I bet a lot of people don’t realise that Poussin’s recently stolen King Midas at the Pactolus, from the Fesch collection in Corsica, has been in the hands of thieves before. I don’t mean in modern times, but in Poussin’s own century.I suddenly recalled that Poussin’s merchant friend Stefan Roccatagliata mentions this painting during a deposition in the trial of the diamond smuggler Fabrizio Valguarnera; according to the testimony, the crook bought the painting with one stolen diamond from Roccatagliata’s stock in 1631. Although he had had to give evidence also, Poussin was completely innocent, oblivious to the nefarious schemes of this Spanish nobleman who sought to buy and commission original paintings, or have copies made, with his illicit proceeds.
One of these copies is known to have been made of another version of the Midas subject, Midas and Bacchus, at Munich, probably made about 1629, about three years after the Fesch picture. This is perhaps the most well-known. It shows a statuesque Bacchus- based on sculpture that Poussin had studied and drawn in Rome at that time- absolving the foolish Midas of his wish that everything he touched should turn to gold. The god languidly stretches out a hand to indicate that Midas should bathe in the River Pactolus, if his curse of instant riches is to vanish. The other figures in the foreground, putti, Silenus, nymph and goat look like the remnants of a sleepover party or Bacchic hangover, a contrast to the stern controlled Bacchus.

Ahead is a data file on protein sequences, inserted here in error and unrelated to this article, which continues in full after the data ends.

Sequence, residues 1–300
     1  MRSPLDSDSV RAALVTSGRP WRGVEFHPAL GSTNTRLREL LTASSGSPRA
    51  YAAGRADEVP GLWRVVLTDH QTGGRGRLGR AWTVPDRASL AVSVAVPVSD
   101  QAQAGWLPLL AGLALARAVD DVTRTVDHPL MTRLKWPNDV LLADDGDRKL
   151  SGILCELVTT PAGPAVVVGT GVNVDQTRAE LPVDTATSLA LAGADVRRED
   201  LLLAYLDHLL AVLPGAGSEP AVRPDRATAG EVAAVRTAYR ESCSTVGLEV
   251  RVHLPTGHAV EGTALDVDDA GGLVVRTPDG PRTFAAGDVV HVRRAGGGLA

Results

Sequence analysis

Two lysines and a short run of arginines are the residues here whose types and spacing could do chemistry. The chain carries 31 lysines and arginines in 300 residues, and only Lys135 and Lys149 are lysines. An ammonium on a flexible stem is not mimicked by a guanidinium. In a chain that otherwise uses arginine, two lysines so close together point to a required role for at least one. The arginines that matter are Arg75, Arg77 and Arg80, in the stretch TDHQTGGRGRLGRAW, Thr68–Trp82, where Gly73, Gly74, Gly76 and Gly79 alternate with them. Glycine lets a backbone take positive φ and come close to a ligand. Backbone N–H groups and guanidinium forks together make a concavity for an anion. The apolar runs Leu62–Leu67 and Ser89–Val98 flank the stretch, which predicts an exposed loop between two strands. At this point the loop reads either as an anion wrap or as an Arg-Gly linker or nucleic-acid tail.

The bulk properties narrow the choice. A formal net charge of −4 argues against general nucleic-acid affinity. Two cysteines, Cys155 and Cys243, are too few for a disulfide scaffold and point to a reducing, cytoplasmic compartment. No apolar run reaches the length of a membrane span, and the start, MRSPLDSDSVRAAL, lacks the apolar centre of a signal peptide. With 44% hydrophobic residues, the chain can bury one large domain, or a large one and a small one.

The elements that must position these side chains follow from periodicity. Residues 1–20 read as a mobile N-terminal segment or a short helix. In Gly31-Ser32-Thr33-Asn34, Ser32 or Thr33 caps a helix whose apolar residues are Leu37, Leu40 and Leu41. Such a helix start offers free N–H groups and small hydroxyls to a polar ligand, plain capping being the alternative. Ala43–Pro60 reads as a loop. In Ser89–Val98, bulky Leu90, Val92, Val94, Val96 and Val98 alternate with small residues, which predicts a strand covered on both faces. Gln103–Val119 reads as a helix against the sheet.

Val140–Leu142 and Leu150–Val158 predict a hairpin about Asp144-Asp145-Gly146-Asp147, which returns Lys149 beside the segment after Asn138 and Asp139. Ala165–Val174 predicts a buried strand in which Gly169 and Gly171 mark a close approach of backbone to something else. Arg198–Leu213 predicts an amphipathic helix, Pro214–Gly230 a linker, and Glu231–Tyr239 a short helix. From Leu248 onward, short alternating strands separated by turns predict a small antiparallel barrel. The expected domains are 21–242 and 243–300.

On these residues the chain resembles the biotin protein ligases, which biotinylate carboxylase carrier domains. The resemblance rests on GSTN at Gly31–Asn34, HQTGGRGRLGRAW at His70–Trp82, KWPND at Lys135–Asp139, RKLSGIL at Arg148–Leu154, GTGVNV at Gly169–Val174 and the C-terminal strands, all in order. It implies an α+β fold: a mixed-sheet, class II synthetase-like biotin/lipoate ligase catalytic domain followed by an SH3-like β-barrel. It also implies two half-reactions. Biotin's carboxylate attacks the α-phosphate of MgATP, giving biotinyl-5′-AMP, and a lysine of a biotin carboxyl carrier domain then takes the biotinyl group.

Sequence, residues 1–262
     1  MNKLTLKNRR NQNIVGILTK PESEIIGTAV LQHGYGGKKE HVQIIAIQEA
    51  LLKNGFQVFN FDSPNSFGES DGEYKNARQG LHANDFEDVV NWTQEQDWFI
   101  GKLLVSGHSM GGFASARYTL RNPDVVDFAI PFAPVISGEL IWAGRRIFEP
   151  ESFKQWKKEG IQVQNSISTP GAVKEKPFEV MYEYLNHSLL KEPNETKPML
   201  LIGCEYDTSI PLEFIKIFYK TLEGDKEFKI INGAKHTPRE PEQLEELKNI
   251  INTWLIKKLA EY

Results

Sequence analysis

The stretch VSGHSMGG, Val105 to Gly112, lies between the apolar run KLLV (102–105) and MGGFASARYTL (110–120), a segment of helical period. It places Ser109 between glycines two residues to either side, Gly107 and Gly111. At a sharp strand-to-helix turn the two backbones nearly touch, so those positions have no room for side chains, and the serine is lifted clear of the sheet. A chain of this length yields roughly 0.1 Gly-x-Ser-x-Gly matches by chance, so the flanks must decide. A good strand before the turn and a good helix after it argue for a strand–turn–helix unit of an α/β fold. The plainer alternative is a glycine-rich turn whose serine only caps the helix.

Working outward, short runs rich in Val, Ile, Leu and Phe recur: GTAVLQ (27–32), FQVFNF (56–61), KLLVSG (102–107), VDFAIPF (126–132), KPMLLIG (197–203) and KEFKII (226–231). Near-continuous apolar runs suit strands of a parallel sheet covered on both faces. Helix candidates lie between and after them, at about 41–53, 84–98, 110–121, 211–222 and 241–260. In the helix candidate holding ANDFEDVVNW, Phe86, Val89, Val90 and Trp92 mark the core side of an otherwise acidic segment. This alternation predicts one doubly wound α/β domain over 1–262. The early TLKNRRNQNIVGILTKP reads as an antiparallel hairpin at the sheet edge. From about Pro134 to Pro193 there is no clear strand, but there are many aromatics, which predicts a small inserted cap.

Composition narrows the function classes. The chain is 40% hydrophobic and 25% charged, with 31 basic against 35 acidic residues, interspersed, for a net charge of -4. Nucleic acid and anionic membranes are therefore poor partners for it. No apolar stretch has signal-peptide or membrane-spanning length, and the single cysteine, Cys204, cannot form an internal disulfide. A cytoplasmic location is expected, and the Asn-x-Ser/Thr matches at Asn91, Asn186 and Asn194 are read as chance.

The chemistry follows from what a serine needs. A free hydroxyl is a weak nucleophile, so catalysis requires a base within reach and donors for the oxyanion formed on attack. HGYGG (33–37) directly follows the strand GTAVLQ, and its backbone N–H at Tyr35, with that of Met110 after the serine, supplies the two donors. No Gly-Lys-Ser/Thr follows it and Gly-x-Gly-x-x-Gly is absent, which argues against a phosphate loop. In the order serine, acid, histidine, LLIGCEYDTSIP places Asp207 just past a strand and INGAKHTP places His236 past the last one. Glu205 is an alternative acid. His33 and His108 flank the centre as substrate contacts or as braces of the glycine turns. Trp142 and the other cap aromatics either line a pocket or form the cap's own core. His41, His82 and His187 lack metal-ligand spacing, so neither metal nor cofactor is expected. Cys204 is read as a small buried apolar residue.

The river Pactolus is represented by a reclining figure holding an urn, set far back into the picture. This is what the late Louis Marin, one of the most perceptive of Poussin scholars, would have called a “mini-picture.” It’s a miniature scene in which a later episode is acted out: the cleansing of Midas’s curse by the Pactolus which pours water over the naked king. In order to draw our eye to it, Poussin creates a Venetian-style aperture through which we look to Midas's salvation, the waters of the Pactolus- almost certainly Christian baptism implied here. It’s almost like looking into the future at something that was ordained.
In the Fesch version, King Midas contemplates a man looking for gold in the Pactolus, but the monarch has learnt that this is fool’s gold; riches don’t always bring happiness, just the opposite. I wonder if Valguarnera in his dark, Roman dungeon cast his mind back to the subject matter of the pictures he had owned. Reflecting bitterly, he may have realized that he could have abandoned riches and misery like Midas, but by then it was too late. As the dust accumulated on Poussin’s Midas canvases, and the clock ticked away Valguernera’s trial proceedings, the life force ebbed from the thief’s body. The 17th century criminal died in prison.
As for our 21st century felons contemplating the Fesch Midas, I wouldn’t like to think what’s going through their minds. According to Didier Rykner of Art Tribune, the thieves might consider destroying their haul as they can’t sell it. I hope they take DR’s advice that they would face more lenient treatment if they returned the art safe and sound.